Any business whose owners decide to sell edibles made on site requires a commercial kitchen. It doesn’t need excess or even a large space. As long as the area is precisely measured and executed exactly for the needs of the chef or baker and staff any size space will work. Flow, safety precautions and human factoring engineering, also known as ergonomics, are some other factors to consider when planning a commercial kitchen. Any legal concerns and questions about establishing a new restaurant, catering company or other food related business should be handled by commercial legal representation. After the basic decisions of location, including space capacity requirements, menu, including equipment requirements and budget, including operating costs, the owners can focus on the look of their kitchen. Health codes and safety rules will impact all design decisions. The design plan finishes the final look. Most architects and contractors can recommend a qualified professional commercial interior designer. When in doubt speak to an expert.
Flooring is especially important in a commercial kitchen. Food preparation, heating and service is fast paced and any trip hazards can cause injury. Carefully select flooring that can handle the wear and tear of speedy feet, the rolling damage of food carts and that isn’t too smooth or slippery.
Shelving is most often used as display and storage. These features are made from wood or metal or glass. The choice of materials must work together within the space and suit the needs of the commercial kitchen owner and staff.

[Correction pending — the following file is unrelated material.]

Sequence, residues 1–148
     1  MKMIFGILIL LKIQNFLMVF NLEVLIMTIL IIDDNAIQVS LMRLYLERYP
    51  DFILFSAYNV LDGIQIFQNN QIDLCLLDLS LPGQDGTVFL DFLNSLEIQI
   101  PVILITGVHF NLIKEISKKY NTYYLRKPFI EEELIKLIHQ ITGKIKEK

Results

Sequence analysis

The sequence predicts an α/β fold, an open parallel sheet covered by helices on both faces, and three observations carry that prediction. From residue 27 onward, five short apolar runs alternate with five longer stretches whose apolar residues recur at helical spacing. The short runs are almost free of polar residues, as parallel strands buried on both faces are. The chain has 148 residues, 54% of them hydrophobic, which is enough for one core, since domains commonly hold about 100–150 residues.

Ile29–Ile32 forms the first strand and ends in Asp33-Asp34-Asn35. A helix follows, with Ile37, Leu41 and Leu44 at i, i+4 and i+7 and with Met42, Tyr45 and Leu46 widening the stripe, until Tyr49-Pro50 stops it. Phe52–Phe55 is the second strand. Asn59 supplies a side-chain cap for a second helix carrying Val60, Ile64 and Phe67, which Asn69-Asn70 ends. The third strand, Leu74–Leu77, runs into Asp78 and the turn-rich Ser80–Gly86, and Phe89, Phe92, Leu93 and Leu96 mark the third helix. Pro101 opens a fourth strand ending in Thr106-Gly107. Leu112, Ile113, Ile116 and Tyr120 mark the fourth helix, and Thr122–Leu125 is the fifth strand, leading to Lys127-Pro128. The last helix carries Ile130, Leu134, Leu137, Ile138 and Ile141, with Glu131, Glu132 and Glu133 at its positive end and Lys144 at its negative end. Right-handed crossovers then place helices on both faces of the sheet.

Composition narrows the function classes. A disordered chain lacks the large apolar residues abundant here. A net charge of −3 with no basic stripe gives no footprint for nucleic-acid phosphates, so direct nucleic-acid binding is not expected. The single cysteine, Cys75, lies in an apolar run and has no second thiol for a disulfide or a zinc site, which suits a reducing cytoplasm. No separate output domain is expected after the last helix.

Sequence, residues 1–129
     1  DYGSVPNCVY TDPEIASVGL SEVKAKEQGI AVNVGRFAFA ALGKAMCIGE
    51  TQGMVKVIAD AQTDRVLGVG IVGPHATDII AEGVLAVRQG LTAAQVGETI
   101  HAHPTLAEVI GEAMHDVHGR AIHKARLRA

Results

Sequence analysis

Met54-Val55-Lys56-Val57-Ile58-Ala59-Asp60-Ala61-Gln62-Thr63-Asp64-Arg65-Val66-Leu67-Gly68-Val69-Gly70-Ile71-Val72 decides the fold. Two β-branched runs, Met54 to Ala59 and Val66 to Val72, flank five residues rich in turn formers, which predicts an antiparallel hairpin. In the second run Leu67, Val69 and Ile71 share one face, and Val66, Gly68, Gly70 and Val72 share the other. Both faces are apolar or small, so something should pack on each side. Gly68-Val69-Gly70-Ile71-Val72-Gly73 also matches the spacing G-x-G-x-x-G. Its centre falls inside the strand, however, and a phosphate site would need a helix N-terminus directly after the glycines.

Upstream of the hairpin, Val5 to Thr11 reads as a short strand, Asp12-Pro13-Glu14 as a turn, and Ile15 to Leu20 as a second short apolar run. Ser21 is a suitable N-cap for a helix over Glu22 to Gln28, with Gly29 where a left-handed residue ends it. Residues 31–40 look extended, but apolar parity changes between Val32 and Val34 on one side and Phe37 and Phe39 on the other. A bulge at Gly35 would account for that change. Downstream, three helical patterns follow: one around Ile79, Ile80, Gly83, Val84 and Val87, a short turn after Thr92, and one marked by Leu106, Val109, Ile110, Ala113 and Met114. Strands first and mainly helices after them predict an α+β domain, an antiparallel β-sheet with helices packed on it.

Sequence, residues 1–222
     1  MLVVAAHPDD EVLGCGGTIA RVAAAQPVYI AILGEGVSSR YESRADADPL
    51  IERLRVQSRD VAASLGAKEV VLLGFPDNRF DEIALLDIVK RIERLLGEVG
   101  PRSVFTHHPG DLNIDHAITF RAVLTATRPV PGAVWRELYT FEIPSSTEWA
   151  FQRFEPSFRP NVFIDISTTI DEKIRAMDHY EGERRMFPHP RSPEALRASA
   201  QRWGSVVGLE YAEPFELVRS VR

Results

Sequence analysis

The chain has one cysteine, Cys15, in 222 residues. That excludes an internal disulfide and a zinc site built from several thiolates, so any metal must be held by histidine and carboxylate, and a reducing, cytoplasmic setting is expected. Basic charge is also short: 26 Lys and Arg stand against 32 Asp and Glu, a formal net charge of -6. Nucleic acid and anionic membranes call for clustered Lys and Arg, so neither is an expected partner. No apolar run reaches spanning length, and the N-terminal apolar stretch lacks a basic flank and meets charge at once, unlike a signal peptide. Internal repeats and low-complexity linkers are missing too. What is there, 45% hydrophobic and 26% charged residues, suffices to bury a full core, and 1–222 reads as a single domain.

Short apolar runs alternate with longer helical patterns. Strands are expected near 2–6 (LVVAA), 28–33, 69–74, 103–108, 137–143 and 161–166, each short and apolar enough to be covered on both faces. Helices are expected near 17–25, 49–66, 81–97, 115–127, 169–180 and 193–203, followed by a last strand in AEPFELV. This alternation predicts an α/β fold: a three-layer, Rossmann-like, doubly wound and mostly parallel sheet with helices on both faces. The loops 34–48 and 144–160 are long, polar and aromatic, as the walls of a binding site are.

Counters and island tops, Carrara marble or butcher block or other material, must look good as well as be properly installed and maintained. Preparation space is essential. It must be easy to maintain and quick to clean. Cleanliness is vital in a commercial kitchen.
Faux stone panels provide depth and texture to a small space. Careful consideration to the fixtures and features of the kitchen will enhance the final look. Faux stone panels are an affordable option for a feature wall, a focal point or as a visually pleasing backsplash.
Some design features, such as a commercial vent hood, can also serve a practical function.
Decor can hinder or enhance the appetite so carefully avoid any design choices that may induce vomiting or cause any indigestion. Everything in the kitchen, from the commercial cold storage units to the commercial ovens, must fit in the design scheme and compliment each other perfectly to create the final polished finished look.
Professional grade appliances are an absolute requirement in any commercial kitchen. All safety gear, such as a fire extinguisher and smoke alarm, must also be properly installed, maintained and utilized.
Before any commercial kitchen can open and begin earning profit a health inspector must examine the space. Make certain nothing in the design will hinder a good final report by following all health codes and regulations.
Aesthetics are as important as agendas when designing a commercial kitchen in a small space. Lists will come in handy but at the end of the day any kitchen is only as good as the food served. The food preparation and quality of that food is all in the hands of the people working in the kitchen. Commercial kitchens must be designed to meet the needs of its staff and to create a pleasant work environment.